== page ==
Wandering among Words 10: Pupil
What’s the link between a celebrity and a chrysalis, between a student and a pet, and between a marionette and a metaphorical apple? And, indeed, what are the links between them all?
Let’s take a closer look at this; and for looking we need an eye, and something to look at. So I shall start with the notion of the icon, and then range widely between observers and the observed. And where better to start than with one of the funerary portraits from Faiyum in Egypt, a painting done from life to be placed with the mummified body after death?
Here then is an exemplar of the Greek word eikon, meaning a likeness, image, or portrait; and like many portrait icons from later Christian traditions the subject gazes frankly out at the viewer with dark, dilated pupils. The look is almost mesmerising, reminding one of the proverb that the eyes are the window to one’s soul. Or, as Charlotte Bronte wrote in Jane Eyre, “The soul, fortunately, has an interpreter – often an unconscious but still a faithful interpreter – in the eye.”
We try to judge character from such icons, don’t we; but even though these days ‘icon’ usually has one of two popular meanings — a digital symbol used on social media, or an object or indeed celebrity judged to have ‘iconic status’ — both of course are visually presented, requiring the eye of the observer to appreciate them.
Though distinctive irises can also be striking, the most arresting eyes are often the ones with enlarged pupils. The word pupil in this sense appeared in English early in the 15th century via Old French pupille, itself from Latin pupilla. This originally meant a diminutive girl-doll, from Latin pupa “girl, also doll”: etymologists tell us this was because of the small image of oneself seen mirrored in the eye of another person. (Pupa is also used to describe one of the stages certain insects go through as they develop from egg, through larva and pupa, to the imago.)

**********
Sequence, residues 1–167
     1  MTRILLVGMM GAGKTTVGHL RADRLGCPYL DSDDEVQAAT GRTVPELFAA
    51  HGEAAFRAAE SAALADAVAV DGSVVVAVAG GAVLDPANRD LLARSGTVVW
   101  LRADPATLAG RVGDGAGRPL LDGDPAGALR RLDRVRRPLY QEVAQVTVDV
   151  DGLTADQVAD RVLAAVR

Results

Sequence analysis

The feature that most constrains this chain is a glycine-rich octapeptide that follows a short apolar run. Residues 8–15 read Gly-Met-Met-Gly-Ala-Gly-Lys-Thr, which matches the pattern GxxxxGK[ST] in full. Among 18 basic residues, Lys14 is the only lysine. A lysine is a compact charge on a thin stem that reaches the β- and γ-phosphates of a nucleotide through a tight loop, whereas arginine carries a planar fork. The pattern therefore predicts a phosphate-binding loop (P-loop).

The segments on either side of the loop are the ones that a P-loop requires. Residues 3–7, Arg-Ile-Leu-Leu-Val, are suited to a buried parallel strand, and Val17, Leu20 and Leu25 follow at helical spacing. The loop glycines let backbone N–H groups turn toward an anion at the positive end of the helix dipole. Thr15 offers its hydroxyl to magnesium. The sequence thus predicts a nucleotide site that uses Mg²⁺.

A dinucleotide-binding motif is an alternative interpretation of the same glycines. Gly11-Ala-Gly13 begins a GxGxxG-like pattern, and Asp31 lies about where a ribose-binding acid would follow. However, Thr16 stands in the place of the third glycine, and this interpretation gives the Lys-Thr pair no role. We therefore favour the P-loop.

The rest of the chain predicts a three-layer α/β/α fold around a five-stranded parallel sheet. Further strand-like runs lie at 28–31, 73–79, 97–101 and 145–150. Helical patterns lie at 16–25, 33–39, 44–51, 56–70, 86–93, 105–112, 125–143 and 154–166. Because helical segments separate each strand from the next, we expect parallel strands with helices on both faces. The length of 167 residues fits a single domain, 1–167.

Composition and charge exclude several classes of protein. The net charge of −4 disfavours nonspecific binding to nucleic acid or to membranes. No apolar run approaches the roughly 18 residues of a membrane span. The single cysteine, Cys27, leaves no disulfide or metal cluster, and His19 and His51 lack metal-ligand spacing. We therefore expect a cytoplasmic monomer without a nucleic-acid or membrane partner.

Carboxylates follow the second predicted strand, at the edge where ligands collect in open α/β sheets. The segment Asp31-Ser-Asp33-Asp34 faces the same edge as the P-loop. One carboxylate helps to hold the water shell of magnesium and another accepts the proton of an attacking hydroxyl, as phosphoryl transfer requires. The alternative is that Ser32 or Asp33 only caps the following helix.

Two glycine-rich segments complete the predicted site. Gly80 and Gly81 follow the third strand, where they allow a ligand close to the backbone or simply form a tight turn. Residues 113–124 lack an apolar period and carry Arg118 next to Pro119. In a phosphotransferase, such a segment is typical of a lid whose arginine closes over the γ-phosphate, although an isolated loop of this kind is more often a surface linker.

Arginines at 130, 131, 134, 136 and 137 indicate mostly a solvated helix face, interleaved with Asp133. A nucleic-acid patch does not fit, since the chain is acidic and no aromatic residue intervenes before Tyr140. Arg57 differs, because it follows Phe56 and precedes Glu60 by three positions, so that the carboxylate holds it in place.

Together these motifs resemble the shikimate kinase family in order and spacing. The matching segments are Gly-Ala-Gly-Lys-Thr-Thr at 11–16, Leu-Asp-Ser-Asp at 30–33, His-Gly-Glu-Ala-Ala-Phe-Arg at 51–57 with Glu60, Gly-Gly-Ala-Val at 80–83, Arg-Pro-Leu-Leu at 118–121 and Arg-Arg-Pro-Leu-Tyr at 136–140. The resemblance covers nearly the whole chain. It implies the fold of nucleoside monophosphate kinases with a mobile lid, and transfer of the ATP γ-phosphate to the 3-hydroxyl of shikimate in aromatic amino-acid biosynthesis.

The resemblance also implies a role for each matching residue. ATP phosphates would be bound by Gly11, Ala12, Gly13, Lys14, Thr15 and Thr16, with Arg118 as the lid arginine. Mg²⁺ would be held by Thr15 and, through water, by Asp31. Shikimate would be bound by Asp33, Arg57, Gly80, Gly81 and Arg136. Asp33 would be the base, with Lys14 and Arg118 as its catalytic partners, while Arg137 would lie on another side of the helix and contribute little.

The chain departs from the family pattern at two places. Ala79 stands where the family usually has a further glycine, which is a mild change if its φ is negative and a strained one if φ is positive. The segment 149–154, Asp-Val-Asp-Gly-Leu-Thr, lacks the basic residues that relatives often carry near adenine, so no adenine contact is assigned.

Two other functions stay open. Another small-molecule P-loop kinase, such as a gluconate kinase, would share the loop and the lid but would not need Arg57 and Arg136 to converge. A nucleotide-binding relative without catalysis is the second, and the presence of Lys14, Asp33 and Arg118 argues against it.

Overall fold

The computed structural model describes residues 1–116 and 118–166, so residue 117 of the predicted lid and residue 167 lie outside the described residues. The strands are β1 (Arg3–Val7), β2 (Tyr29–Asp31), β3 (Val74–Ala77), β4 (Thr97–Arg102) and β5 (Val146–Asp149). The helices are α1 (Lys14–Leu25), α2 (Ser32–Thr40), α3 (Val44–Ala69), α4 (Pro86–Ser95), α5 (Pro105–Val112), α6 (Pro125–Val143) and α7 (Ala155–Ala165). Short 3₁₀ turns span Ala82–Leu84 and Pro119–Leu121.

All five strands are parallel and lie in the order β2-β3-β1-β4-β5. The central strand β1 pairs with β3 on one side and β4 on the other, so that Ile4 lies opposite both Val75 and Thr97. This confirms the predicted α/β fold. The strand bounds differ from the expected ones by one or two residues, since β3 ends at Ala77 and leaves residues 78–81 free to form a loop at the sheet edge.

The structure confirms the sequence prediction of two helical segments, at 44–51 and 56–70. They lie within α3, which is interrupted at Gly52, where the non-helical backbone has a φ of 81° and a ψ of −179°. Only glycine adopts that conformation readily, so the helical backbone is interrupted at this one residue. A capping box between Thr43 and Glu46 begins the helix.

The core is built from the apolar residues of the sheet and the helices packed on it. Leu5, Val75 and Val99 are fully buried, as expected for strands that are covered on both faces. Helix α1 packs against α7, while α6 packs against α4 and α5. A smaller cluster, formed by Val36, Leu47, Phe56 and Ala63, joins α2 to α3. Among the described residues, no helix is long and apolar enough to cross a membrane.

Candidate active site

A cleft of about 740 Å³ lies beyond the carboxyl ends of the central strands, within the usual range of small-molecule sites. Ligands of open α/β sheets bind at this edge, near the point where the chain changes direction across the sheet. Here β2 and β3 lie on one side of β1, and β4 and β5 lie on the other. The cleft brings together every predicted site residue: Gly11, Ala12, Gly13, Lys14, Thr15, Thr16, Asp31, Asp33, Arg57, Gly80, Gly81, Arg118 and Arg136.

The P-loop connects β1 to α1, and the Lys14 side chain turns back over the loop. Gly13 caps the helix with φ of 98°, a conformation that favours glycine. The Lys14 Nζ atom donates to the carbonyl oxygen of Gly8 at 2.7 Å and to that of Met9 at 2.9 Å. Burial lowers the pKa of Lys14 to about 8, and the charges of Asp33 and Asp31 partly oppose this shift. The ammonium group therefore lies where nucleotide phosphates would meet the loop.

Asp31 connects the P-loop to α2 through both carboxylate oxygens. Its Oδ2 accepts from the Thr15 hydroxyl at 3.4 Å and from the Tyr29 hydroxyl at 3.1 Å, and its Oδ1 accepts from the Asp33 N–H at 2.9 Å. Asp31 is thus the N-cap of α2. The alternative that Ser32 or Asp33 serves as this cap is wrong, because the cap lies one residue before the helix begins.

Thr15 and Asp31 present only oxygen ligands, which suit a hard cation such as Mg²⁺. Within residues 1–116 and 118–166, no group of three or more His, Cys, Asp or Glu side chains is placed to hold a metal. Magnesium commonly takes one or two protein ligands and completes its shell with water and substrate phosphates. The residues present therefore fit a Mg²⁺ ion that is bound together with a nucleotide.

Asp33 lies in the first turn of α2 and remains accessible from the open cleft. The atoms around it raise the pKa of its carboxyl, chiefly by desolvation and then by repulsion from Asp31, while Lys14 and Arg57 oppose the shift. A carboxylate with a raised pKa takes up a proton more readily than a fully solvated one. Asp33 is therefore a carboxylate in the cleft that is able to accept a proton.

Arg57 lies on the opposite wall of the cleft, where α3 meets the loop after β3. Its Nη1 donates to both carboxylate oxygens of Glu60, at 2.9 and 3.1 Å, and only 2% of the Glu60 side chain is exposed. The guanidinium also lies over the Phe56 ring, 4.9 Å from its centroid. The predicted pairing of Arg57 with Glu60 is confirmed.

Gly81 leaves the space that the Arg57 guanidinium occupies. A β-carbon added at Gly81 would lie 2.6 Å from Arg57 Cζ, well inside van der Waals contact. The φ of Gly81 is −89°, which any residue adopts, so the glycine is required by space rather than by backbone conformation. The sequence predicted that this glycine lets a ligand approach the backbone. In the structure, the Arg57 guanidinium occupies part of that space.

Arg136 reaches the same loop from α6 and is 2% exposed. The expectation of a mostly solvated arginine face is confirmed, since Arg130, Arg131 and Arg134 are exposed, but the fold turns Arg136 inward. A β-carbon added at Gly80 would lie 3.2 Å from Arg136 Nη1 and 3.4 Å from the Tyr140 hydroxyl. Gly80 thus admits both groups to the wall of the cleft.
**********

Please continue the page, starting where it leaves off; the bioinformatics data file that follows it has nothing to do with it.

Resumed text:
The alternative modern meaning of ‘pupil’ as a student originates from the Old French word pupille (from Latin masculine pupillus) which indicated an orphan child, a ward, or a minor. Both masculine pupus, pupillus and feminine pupa, pupilla are believed to be related to puer, the word for (boy)child which has been familiar to beginner Latin students since the year dot, along with puella for girl.
Now I want to sidestep to the idea of the marionette. Doll-like figures worked by strings, wires or sticks to simulate human movements have an ancient lineage, part of a practice going back at least to the Ancient Greeks. The French term is derived from medieval marionette shows depicting Bible stories and which featured, amongst others, the Virgin Mary — from whom the name (‘Little Mary’) was applied to all such figures. Meanwhile, the French term guignol applies not to a marionette but to a glove puppet, named from a satiric character in a puppet show called Guignol (from guigner, to wink). The generic term for such figures in England is of course puppet, and this word takes us back to our earlier thread.